Video: The Irish woman behind Vanilla Blush's colostomy underwear business

Video: The Irish woman behind Vanilla Blush's colostomy underwear business

A DUBLIN woman has opened a new flag-ship underwear store in the east end of Glasgow.

Married mother-of-two Nicola Dames suffered with bowel disease in her 20s and lived with the condition for many years before making the decision to have life changing surgery, which removed her large colon.

Post operation, the underwear available lacked “femininity” and back in 2008 Nicola, now 37, embarked on her first business venture.

Since then she has developed a new line in underwear for men and woman who have suffered with similar conditions.

The success of Vanilla Blush around Europe led to the opening of the first store in Glasgow. Speaking at the launch Nicola explained why the shop had an important social role in the city.


“The east end is the best place for me to live and start a new business,” she said. “It’s a beautiful boutique, it’s Bond Street meets Bridgeton. This is the place to be in terms of Glasgow’s regeneration.”

Aside from being the home of Celtic Football Club, the east end of the city is often in the headlines for the wrong reasons – a post-industrial hinterland of poor health, drugs problems and deprivation.

When Glasgow secured the 2014 Commonwealth games, it was regarded as a means for change. Second generation Irish councillor Liz Cameron believes that ventures such as Mrs Dames firm are essential to the area’s progression.

“It’s a chance in a life time to regenerate,” she said. “I think Nicola is an inspiration and aspirational figure, she took life and grasped onto it after something really unpleasant happened to her. Nicola changed that into an opportunity, I think that is fantastic.

"In that she is an inspiration to the women of the east end because their lives have been filled with tribulation. She has proved with guts and feistiness and a good family you can get over that. She is also providing employment for the area.”

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The former Lord Provost added: “It’s about pride and confidence, in the 1970s and 80s there was no confidence, the area had lost everything. The city centre and west end have picked up since then but it’s fair to say the east end has suffered the most because of the post-industrial scars, pollution in the ground, contaminated land and a bad health record.


"Now we have fantastic shops, the British Film Institute, a Scottish boxing centre. What empowered Nicola was confidence, pride and courage and that’s what this area is about.”

As Nicola suggests, that post-operation period can be a difficult time for both men and women who have suffered with a serious  bowel problem. Many feel a loss of confidence and embarrassment, even with a life-long partner.

“A lot of people come to us with various problems, we’ve had stories about the husband in another room or people afraid to go out on a date because they are afraid to broach the subject of intimacy,” she said. “For many reasons they come to us and we speak to them about it, the product is there to help.”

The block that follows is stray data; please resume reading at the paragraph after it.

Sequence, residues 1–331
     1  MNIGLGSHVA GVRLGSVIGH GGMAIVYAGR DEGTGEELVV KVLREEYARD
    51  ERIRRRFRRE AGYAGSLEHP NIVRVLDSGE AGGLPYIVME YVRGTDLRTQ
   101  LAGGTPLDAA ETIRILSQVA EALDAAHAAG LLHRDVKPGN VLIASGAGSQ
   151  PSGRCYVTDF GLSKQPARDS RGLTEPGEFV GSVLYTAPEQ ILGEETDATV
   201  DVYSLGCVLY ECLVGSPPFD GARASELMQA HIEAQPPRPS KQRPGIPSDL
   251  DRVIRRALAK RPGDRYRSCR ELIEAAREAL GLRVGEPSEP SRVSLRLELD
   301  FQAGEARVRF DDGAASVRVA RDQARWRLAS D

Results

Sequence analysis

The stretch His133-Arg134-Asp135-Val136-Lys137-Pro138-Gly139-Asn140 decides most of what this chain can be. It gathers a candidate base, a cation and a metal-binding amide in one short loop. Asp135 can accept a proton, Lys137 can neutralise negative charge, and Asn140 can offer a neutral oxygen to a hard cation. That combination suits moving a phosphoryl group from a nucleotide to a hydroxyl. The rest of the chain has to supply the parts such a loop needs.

She added: “I suffered with the condition for many years, my life started when I didn’t need to worry about the nearest toilet and that I wasn’t incontinent at the age of 29, the surgery literally saved my life. After hospital there were issues getting back to normality, one problem was underwear.

"I thought there has to be something available, there was but what was on the market was very functional and I wanted an injection of fashion and sexuality to make myself feel good again. As a result Vanilla Blush was born.”

Launching in 2008 Nicola’s products are now widely available on NHS subscription and Vanilla Blush is going from strength to strength.

“The NHS subscription made a big difference, some of our products are available to people who have had the surgery for free,” she said.


“They can have up to six pairs a year, the business has opened up to customers in Republic of Ireland, Netherlands and France with Belgium and Germany following suit.

"The shop was the next stage because it gives what we’re doing more  visibility, it proves that it’s okay not to be embarrassed, myself and all the models we have used have all been through it. It’s a one stop shop for anyone who has had an issue post-surgery.”

Nicola is also selling men’s underwear, she recently made a boxing related promotional film at Salford Lads Club, the iconic venue associated with Manchester-Irish band The Smiths.

“I designed some swimwear for men and support-wear, it’s a higher waist with an internal pocket bag,” she said. “It stops sweating and reduces the amount of time they need to go to the bathroom, it looks funky, if you’re communal dressing for football or boxing it’s as fashionable or if not more so than what anyone else is wearing.”

Born in Dublin, Nicola moved to London where she met her husband Simon, a former press officer for the Catholic Church in Scotland.

“When I moved to London I worked as a nurse in an intensive care unit. I met Simon at an Irish nightclub called The Swan in Stockwell, two days later I was diagnosed with my illness and he stuck with me, there must have been other parts of me that he wanted,” she joked.

“He’s certainly got a lot of experience, I do the creative side and he makes it look good – he’s better fitted in this role with me.”